Predictions are often more useful for what they say about the predictor’s present state of mind than for what they tell you about the future. That’s certainly the case with the US National Intelligence Council’s latest peer into the crystal ball, Global Trends 2025: A Transformed World, neatly timed to coincide with President-elect Barack Obama’s transition to the White House.
The report, the fourth in a five-yearly series, has a decidedly chastened tone as it sets out in broad strokes the US intelligence community’s latest consensus on what the world will look like 16 years hence.
The previous edition spoke confidently of the US “remaining the single most powerful actor, economically, technologically, militarily” in 2020. Doubt has now crept in: American will be “less dominant” in 2025, with the likely implication that “shrinking economic and military capabilities may force the US into a difficult set of tradeoffs between domestic versus foreign policy priorities”.
That the “unprecedented shift in relative wealth and economic power… from West to East now underway will continue” is seen as a “relative certainty”. That the dollar will lose its special status as the global reserve currency is also considered a decent bet, causing economic discomfort for the American public and reducing its appetite for global leadership.
American “freedom of action” stands to be curtailed by “US financial dependence on external powers for fiscal stability” – read, in particular, China, which is effectively being asked to finance the stimulus needed to stave off a possible depression and “which is poised to have more impact on the world over the next 20 years than any other country.”
The bursting of America’s credit and housing bubbles, and the resultant havoc on global markets, is seen as strengthening the appeal of “state capitalism” as practiced in varying degrees by China, Russia and India, and potentially slowing the trend towards greater democracy. “Ironically, the major enhancement of the role of the state in Western economies now under way as a result of the financial crisis may reinforce the emerging countries’ preference for state control.”
The world in 2025 will be markedly more “multipolar”, much to satisfaction of countries like South Africa. Disparities in national power, computed on the basis of GDP, defense spending, population and technology, will narrow between developed and developing countries. “Non-state actors” – businesses, religious organizations, groups mobilized along ethnic lines and criminal networks — will also see their influence grow.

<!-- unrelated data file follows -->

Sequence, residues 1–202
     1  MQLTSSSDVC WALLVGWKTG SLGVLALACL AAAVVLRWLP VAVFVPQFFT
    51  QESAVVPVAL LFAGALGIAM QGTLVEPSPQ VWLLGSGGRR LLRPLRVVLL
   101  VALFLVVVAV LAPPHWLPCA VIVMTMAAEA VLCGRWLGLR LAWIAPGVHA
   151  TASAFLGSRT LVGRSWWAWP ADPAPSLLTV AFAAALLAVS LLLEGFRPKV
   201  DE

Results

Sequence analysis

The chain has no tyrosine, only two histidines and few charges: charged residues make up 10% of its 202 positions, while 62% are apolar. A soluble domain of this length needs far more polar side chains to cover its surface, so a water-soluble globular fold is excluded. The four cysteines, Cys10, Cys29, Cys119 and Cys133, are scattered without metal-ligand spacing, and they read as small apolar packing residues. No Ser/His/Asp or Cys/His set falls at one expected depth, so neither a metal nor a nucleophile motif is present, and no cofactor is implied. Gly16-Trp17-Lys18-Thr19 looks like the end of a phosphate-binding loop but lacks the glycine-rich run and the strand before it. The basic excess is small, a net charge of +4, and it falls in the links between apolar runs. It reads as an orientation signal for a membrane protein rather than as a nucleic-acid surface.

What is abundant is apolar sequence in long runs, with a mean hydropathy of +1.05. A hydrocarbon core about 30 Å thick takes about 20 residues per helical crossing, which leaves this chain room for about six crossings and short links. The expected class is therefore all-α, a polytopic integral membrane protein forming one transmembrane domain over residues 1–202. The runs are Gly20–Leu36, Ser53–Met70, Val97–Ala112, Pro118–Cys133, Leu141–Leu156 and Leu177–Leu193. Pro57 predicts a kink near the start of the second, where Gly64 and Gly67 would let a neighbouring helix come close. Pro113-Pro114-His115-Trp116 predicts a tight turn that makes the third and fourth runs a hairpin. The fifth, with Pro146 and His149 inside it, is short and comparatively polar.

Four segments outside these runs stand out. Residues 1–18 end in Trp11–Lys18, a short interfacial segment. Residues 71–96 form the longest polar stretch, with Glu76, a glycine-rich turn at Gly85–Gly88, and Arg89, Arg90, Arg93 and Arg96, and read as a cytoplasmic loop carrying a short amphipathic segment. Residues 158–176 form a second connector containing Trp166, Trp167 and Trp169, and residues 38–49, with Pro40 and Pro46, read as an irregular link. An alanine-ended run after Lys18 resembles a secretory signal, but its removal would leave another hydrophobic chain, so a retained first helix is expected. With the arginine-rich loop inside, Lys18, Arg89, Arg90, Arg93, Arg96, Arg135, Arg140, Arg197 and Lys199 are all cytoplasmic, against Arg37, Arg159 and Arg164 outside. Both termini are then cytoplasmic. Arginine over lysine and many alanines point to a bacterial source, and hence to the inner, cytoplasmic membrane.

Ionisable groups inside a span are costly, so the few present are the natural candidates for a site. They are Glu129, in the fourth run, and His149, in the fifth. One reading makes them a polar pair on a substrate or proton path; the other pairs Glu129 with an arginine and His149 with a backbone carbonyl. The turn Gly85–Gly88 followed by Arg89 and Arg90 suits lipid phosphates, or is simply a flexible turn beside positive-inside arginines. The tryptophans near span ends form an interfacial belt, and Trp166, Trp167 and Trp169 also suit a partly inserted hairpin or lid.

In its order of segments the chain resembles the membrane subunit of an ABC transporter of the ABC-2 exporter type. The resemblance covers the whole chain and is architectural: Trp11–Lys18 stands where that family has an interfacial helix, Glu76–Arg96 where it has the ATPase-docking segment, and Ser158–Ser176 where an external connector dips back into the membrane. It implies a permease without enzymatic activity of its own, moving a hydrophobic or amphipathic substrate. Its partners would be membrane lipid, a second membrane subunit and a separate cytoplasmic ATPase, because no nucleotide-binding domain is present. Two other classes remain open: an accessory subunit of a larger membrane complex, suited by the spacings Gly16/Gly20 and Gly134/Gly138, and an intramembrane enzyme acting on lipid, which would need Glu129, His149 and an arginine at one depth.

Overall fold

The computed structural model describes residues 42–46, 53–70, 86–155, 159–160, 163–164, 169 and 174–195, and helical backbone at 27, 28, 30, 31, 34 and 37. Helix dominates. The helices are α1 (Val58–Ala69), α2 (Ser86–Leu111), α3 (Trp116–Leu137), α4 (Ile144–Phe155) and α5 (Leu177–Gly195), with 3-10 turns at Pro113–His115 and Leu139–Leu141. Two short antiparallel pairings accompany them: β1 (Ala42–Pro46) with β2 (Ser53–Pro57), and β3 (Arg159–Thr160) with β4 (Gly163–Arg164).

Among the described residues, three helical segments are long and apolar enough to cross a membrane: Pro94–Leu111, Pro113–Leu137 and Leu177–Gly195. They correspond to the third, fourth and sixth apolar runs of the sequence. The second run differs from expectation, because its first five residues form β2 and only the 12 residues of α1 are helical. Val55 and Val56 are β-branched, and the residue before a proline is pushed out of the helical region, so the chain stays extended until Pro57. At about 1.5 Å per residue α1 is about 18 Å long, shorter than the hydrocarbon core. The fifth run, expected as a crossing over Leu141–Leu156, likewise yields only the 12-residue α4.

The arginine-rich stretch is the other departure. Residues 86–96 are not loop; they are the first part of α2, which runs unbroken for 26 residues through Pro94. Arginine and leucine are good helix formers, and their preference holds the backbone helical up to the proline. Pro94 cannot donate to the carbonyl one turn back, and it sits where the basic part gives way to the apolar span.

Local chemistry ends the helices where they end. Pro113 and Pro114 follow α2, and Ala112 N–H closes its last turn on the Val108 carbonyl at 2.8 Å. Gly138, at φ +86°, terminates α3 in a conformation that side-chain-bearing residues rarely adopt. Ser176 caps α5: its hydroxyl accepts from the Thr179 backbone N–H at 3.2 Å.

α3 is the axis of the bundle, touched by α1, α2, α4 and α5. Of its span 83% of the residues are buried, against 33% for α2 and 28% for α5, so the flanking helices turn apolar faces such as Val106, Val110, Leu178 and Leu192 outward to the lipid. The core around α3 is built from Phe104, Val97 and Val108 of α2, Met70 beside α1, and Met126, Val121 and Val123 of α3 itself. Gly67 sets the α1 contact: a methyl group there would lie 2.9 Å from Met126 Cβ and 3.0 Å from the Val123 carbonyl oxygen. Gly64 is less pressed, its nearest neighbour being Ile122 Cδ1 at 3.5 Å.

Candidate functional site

The prospect does not overjoy the prognosticators – too many cooks. There is a huge array of transnational challenges to be dealt with, from climate change to economic coordination to combating terrorism. “Efforts at greater inclusiveness to reflect the emergence of the newer powers” will likely “limit the kinds of solutions that can be attempted”.
Strikingly absent from the report is much mention of Africa. A lot of space is devoted to the BRICs – Brazil, India and China. Indonesia, Turkey and Iran are cited as “up and coming powers”. South Africa does not make that list.
The prognosis for sub-Saharan Africa overall is decidedly mixed. The continent will continue to be an important source of oil, gas and metals and thus of interest to China and India (assuming that next two decades don’t see a shift from petroleum-based energy, not ruled out). However, income from these commodities is not seen as translating into economic gains for most Africans. “Poor economic policies – rooted in patrimonial interests and incomplete economic reform – will likely exacerbate ethnic and religious divides as well as crime and corruption in many countries.” Poverty and inequality are expected to deepen.
By 2025, Africa’s water supplies will be under stress from climate change. Over half its population will be under 24, with Nigeria and other countries experiencing a “youth bulge” that correlates with instability. And while Africans are increasingly shouldering the burden of peacekeeping in their own backyard, what with “fragmented militaries” and borders porous to criminals and insurgents, the region would remain highly vulnerable to conflict.
On the bright side, “in contrast to other regions of the world, African attitudes towards the US will remain positive.” Not if Africa continues to get this sort of shrift, they won’t.